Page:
Lori Loughlin Wants College Admissions Case Dismissed Because of Prosecutor Misconduct

Lori Loughlin and husband

Lori Loughlin Files to Throw Out College Bribery Case, Alleges 'Government Misconduct'

"Full House" Actress Lori Loughlin, her fashion designer husband, Mossimo Giannulli, and other prominent parents are urging a judge to dismiss charges against them in the college admissions bribery case. They also contend that prosecutors then withheld the evidence of the misconduct for almost nine months. "As detailed in the notes, agents directed Singer not to mention on the calls that he had previously told the clients their payments would be 'donation [s]' that would go 'to the [university] program [and] not the coach, '.in other words, that their payments were not unlawful bribes". The mastermind of the college admissions scandal, Rick Singer, was reportedly asked by the Federal Bureau of Investigation to lie about whether the parents involved in the scam knew they were paying bribes.

"The notes state that agents browbeat Singer and instructed him to lie in order to elicit misleading evidence that was inconsistent with the actual facts that Singer had explained to agents", the lawyers wrote.

Attorneys for Loughlin and Giannulli raised claims of misconduct before Gorton in court last month.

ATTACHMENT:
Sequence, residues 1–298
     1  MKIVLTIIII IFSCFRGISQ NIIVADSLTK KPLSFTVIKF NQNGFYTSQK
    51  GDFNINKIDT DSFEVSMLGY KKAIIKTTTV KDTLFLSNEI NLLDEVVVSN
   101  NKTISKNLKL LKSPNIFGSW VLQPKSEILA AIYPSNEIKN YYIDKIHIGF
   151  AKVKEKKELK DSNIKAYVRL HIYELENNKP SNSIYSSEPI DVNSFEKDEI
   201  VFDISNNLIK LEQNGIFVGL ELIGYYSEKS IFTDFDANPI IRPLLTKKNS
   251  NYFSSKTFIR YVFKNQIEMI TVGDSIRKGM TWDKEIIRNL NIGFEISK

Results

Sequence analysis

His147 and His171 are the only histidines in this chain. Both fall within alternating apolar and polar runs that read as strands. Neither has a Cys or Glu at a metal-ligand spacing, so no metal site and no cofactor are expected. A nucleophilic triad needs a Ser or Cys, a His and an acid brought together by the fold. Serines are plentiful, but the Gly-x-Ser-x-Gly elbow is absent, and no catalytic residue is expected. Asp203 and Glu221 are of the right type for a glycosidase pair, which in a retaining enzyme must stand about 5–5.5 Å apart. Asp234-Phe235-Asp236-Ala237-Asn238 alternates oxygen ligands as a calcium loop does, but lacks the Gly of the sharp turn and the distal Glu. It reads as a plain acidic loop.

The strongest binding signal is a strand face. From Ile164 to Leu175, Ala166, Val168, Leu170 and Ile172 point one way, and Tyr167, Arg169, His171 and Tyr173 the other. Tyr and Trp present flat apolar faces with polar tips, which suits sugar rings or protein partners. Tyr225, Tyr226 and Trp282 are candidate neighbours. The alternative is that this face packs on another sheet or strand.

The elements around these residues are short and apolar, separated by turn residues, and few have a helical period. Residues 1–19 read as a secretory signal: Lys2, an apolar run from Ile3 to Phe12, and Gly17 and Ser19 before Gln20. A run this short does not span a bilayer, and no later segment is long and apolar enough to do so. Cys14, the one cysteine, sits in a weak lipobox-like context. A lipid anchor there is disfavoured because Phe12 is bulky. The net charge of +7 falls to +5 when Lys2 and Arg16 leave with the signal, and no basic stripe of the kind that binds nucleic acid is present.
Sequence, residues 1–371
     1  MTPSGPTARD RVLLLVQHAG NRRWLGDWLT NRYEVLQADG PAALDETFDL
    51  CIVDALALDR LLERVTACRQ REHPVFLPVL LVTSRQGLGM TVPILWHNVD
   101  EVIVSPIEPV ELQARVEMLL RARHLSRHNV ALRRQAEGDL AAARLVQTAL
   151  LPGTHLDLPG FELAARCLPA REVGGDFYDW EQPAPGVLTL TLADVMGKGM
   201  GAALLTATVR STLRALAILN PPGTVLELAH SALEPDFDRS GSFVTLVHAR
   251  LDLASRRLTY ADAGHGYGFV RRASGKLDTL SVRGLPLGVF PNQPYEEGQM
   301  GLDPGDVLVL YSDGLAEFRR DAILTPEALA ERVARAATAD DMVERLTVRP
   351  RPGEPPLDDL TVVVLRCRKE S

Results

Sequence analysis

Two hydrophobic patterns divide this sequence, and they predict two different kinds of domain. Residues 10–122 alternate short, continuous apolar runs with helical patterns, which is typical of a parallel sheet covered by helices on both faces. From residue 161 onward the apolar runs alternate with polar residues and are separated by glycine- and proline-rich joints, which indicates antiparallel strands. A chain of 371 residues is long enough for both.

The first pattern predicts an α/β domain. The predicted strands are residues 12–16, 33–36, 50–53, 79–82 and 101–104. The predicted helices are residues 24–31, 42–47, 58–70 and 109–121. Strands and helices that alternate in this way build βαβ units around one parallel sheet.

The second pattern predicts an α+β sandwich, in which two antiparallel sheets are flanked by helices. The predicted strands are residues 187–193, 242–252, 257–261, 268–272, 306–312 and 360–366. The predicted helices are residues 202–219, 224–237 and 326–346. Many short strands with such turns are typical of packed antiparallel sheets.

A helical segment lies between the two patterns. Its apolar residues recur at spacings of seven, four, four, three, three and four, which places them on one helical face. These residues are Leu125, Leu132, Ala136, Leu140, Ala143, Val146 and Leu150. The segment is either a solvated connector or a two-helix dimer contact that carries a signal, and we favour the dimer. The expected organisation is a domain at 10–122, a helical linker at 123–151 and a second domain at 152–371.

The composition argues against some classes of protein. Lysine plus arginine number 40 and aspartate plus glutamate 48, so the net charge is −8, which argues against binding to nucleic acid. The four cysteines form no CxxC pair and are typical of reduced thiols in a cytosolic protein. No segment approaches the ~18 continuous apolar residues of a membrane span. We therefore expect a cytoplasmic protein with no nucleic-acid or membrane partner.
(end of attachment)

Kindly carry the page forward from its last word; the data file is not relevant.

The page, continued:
The defense contends that the parents were under the impression that the payments were donations to the school.

The documents claim that, during that recorded call, Loughlin made it clear that she wasn't aware of the possibly illicit nature of the payments.

"Yeah, no, no, I - I had questions about [U] SC. I was like, 'Well, maybe the way they got in you're not supposed to get in like that, I don't know, like can you, ' But Moss was like, 'No, you can make a donation, it's OK", Loughlin allegedly told Singer before asking, "But it's all on the up and-up, right?" "Uh, yeah I don't know".

"While withholding the notes and many other examples of material exculpatory information, the government attempted to coerce defendants into pleading guilty by threatening that if they did not, they would face additional charges", the parents' lawyers wrote.

"It brings no joy to file a motion of this nature", they wrote.

"The extraordinary government misconduct presented in this case threatens grave harm to defendants and the integrity of this proceeding", said Latham & Watkins attorneys in a federal court filing on Wednesday, which was obtained by Deadline.

Loughlin's lawyers and those representing the other parents accused of trying to land their children top university spots by allegedly bribing education administrators claim the prosecutors at the U.S. Attorney's Office are guilty of misconduct.

The defense said if the judge doesn't dismiss the case, he should at least prevent prosecutors from using the "tainted recordings" at trial and order a hearing to "uncover the full truth about the recordings and the government's efforts to fabricate and hide evidence".

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